Gist said it is clear that state would not meet all the provisions of No Child Left Behind by that date and as result the Department of Education is planning to submit a request for waiver of some of the law's provisions by Feb. 21. The plan would seek more time for raising student performance while also creating new options for the assessment of students in specific need categories.
Gist remains confident that the goal to meet high standards the state has set for its students will be a successful one.
“I think we are climbing and jumping over every obstacle we have come up against in this very difficult work,” she said.
Woonsocket School Superintendent Giovana Donoyan, in attendance for the release of the new results, said she believes Woonsocket schools are continuing to make progress in achieving the standards even if more work needs to be done in areas such as high school math. “Whenever you present a new standard to a school you have to provide professional development to the school staff and then there is a learning curve period where, as the commissioner indicated, it can take 3 to 5 years to show results,” she said. “If you want to see tremendous improvement, you have to work hard every day for a long period of time,” she said.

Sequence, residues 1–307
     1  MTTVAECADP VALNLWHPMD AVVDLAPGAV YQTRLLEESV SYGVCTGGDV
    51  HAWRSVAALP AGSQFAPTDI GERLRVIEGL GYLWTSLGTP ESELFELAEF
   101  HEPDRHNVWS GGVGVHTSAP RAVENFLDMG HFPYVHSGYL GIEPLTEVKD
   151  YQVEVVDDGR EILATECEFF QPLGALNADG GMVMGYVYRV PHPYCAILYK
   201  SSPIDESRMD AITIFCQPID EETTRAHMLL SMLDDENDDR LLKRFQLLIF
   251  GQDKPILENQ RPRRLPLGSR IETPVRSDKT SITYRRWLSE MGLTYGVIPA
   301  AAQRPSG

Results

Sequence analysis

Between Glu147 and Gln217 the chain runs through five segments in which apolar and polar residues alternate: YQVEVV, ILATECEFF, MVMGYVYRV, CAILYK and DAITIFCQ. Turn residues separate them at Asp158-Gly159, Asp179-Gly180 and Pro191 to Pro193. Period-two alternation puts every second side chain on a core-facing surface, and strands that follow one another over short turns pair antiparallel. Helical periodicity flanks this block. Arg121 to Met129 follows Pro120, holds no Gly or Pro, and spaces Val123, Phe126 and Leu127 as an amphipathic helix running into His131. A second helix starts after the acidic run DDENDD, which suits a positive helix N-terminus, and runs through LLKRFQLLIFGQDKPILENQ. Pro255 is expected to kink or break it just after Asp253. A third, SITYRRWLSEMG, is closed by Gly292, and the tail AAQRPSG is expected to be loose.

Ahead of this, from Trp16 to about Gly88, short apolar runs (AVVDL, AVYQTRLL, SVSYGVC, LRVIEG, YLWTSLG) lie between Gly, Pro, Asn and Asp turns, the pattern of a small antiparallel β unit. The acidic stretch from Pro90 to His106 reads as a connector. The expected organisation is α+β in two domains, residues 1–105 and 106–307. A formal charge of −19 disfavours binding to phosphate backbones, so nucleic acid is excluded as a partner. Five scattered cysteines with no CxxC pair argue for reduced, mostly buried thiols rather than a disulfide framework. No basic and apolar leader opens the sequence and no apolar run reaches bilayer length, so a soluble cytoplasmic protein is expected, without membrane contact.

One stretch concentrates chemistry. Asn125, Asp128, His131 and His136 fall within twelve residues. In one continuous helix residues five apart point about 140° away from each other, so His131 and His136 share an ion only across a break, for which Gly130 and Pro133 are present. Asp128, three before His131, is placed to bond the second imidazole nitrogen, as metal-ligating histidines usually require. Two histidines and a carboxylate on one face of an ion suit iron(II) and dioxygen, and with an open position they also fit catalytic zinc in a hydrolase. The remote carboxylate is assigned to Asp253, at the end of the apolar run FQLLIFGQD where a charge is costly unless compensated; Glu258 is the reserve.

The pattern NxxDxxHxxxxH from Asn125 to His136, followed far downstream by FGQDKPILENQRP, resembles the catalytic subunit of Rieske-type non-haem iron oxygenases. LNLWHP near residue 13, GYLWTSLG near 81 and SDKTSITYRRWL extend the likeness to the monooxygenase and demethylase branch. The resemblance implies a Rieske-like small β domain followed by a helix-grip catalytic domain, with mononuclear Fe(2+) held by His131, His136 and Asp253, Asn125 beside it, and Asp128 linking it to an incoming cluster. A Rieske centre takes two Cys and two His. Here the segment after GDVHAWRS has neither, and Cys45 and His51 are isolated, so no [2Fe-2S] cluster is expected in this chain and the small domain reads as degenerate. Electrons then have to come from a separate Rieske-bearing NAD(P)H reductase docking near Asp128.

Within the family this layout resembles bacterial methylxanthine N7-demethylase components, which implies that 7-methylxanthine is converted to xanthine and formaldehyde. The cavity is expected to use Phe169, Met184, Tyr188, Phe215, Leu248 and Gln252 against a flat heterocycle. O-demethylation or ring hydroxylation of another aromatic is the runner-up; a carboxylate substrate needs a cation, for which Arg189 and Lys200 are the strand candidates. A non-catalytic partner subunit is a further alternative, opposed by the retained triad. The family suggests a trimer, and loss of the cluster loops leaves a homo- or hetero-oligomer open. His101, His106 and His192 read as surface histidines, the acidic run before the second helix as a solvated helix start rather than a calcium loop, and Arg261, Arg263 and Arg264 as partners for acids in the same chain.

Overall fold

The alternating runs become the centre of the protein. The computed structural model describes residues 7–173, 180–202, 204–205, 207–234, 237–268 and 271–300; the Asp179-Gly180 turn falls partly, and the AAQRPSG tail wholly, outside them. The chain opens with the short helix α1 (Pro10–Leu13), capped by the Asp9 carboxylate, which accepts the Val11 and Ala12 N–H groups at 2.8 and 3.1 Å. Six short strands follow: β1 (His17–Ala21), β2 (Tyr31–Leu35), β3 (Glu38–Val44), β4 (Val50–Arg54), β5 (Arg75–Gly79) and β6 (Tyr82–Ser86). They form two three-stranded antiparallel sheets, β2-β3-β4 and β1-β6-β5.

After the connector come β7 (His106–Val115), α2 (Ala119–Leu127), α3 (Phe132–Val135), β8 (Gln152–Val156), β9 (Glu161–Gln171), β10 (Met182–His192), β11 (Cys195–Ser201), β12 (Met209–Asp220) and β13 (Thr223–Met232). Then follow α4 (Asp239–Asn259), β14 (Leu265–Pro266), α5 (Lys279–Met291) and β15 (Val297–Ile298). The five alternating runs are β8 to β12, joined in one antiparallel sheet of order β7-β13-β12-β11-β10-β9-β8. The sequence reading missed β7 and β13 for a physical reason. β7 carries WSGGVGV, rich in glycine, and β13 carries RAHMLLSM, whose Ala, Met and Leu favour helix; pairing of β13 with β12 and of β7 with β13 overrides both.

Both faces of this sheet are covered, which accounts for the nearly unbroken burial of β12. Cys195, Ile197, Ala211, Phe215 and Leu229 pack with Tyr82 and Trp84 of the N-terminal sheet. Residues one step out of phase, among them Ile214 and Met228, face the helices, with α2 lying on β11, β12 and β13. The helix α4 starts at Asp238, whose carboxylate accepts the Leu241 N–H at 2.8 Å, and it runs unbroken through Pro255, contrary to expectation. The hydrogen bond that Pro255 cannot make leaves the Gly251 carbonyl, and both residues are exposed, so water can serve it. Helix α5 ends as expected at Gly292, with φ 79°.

Cumberland Mayor Daniel McKee, who attended the event with Michael MaGee of the Mayoral Academy, said the school's success is showing that it can be a model for public education in many other Rhode Island communities.
“It's showing that the mayoral academy movement can really have a voice in the way public schools operate,” McKee said.
A breakdown of the results by community can be obtained by visiting http://www.ride.ri.gov/Assessment/Results.aspx